• children as young as 6 months of age can receive the measles, mumps and rubella (MMR) vaccine
  • all Australians should receive two doses of the MMR vaccine.

Measles vaccination from age 6 months

The Australian Immunisation Handbook has lowered the recommended age that children can receive the MMR vaccine from age 9 months to 6 months for children travelling to endemic areas, in outbreak situations and for postexposure prophylaxis in line with WHO and Centers for Disease Control and Prevention (CDC) recommendations.4 The change in recommendation comes as a result of increasing evidence suggesting that vaccinated women have an earlier decline in circulating antibodies compared with women who have been infected with measles, resulting in lower titres of maternal antibodies being transferred to the fetus during pregnancy. 26-29 These lower titres result in a shorter period of protection in infants and a longer period of time that they are at risk of measles infection before their first dose of MMR vaccine. Countries that have lowered the recommended age of measles vaccination to as young as 6 months of age, including the US, Canada, UK and New Zealand, have reported no additional safety concerns.30 Vaccinating infants between 6 and 11 months of age provides short-term protective antibody levels in a large proportion of infants and should be considered in addition to the routine two-dose schedule at 12 and 18 months to ensure long-term immunity.24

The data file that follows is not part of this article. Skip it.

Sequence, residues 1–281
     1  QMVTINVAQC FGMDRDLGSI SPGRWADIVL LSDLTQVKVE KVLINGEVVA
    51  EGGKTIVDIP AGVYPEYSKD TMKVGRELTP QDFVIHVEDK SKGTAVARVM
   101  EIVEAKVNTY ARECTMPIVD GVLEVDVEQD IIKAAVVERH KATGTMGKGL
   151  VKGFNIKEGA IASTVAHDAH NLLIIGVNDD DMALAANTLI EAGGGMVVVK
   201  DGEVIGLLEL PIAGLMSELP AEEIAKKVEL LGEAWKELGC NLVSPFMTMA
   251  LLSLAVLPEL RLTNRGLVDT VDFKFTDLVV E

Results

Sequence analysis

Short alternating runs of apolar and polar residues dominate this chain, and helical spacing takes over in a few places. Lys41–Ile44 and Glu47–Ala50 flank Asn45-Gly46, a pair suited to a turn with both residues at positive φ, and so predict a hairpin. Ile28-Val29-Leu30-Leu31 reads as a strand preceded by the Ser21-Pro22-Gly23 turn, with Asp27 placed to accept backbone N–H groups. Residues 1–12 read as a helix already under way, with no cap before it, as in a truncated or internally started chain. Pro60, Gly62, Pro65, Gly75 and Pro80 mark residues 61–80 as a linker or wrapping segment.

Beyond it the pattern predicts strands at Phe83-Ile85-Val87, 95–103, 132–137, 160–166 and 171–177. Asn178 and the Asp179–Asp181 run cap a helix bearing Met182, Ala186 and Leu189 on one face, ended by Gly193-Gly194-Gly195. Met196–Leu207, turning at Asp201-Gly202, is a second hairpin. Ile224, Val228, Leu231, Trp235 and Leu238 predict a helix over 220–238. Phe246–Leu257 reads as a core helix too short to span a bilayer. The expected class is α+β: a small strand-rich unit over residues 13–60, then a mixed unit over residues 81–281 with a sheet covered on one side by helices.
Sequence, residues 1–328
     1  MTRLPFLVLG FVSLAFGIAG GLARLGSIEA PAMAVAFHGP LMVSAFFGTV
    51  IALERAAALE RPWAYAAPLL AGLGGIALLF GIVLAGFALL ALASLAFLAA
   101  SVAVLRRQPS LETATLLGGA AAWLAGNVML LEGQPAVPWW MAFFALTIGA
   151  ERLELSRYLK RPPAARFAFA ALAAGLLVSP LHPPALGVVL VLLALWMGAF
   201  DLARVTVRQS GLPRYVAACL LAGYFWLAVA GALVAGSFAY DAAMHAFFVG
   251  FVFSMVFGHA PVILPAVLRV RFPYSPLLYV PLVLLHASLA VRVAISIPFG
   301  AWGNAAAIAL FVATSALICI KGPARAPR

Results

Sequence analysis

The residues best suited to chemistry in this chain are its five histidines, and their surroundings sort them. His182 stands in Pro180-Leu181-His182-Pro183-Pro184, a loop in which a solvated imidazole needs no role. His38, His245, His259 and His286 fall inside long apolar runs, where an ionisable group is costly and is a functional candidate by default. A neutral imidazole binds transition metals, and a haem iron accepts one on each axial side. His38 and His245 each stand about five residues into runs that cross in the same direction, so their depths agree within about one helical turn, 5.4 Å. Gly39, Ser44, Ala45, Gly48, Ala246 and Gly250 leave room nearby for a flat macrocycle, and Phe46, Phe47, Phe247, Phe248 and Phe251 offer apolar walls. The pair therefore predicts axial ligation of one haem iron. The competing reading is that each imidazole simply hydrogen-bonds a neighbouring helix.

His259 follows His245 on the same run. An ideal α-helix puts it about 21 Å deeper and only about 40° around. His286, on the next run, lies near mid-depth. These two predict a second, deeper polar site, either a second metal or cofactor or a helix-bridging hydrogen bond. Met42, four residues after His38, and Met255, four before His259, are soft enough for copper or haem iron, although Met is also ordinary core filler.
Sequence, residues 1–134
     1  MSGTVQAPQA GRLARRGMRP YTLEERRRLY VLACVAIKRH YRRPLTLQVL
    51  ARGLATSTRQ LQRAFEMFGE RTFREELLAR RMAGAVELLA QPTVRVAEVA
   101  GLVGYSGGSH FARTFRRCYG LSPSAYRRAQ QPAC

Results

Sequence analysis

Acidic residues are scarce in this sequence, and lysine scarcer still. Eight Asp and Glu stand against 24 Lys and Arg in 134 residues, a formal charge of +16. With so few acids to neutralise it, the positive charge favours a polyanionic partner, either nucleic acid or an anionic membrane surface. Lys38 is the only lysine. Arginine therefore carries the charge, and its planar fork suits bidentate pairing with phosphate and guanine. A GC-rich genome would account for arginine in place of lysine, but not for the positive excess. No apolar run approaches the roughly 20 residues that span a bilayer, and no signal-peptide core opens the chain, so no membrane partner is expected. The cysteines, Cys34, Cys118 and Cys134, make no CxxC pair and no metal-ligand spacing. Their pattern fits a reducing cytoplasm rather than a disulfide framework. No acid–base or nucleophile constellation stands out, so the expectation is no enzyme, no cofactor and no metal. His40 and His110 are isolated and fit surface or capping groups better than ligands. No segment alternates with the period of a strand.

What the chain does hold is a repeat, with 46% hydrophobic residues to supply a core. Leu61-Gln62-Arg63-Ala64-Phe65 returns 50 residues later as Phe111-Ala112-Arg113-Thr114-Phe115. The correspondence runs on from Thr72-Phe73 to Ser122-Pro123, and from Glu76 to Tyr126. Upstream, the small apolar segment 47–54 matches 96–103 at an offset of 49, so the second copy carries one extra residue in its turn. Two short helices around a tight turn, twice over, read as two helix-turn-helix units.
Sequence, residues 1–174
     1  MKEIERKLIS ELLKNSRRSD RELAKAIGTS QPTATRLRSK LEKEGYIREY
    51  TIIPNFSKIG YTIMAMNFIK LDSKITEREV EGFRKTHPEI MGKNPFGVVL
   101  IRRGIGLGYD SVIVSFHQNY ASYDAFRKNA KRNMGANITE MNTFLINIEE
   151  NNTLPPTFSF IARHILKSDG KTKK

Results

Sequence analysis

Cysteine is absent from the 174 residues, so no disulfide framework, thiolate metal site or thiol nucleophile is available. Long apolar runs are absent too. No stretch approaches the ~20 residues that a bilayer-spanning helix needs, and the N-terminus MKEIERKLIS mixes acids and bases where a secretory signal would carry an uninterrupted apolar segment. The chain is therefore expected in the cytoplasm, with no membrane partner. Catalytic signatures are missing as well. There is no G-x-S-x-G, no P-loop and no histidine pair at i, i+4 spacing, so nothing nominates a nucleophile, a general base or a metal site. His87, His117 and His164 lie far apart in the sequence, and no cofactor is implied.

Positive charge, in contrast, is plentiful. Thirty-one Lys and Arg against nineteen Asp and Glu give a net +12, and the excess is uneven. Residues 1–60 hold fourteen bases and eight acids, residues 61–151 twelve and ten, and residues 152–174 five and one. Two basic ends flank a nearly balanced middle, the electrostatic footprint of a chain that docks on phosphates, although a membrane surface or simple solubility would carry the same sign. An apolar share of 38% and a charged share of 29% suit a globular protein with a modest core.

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Dr Koirala is an Immunisation Fellow at the National Centre for Immunisation Research and Surveillance (NCIRS), Sydney; Paediatric Infectious Diseases Specialist at Nepean Hospital, Kingswood; and Clinical Associate Lecturer at The University of Sydney Children’s Hospital Westmead Clinical School, Sydney. Dr Deng is a Staff Specialist at NCIRS, Sydney; Paediatrician at The Children’s Hospital at Westmead, Sydney; and Clinical Associate Lecturer at The University of Sydney Children’s Hospital Westmead Clinical School, Sydney. Dr Wood is a Senior Staff Specialist at NCIRS, Sydney; Paediatrician at The Children’s Hospital at Westmead, Sydney; and Associate Professor at The University of Sydney Children’s Hospital Westmead Clinical School, Sydney, NSW.